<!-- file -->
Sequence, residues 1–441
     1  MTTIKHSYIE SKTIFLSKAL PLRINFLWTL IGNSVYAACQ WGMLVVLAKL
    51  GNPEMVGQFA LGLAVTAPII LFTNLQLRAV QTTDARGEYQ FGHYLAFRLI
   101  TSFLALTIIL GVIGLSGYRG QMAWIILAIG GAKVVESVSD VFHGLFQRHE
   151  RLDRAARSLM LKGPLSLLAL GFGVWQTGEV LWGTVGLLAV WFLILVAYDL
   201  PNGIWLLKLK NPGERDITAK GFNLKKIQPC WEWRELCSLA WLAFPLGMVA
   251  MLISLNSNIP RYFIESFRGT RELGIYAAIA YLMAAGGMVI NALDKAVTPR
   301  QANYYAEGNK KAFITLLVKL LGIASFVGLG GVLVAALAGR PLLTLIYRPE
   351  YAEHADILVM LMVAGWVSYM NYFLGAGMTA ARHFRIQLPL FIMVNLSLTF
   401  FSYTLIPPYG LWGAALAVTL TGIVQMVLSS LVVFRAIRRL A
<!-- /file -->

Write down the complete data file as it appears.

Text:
Sequence, residues 1–441
     1  MTTIKHSYIE SKTIFLSKAL PLRINFLWTL IGNSVYAACQ WGMLVVLAKL
    51  GNPEMVGQFA LGLAVTAPII LFTNLQLRAV QTTDARGEYQ FGHYLAFRLI
   101  TSFLALTIIL GVIGLSGYRG QMAWIILAIG GAKVVESVSD VFHGLFQRHE
   151  RLDRAARSLM LKGPLSLLAL GFGVWQTGEV LWGTVGLLAV WFLILVAYDL
   201  PNGIWLLKLK NPGERDITAK GFNLKKIQPC WEWRELCSLA WLAFPLGMVA
   251  MLISLNSNIP RYFIESFRGT RELGIYAAIA YLMAAGGMVI NALDKAVTPR
   301  QANYYAEGNK KAFITLLVKL LGIASFVGLG GVLVAALAGR PLLTLIYRPE
   351  YAEHADILVM LMVAGWVSYM NYFLGAGMTA ARHFRIQLPL FIMVNLSLTF
   401  FSYTLIPPYG LWGAALAVTL TGIVQMVLSS LVVFRAIRRL A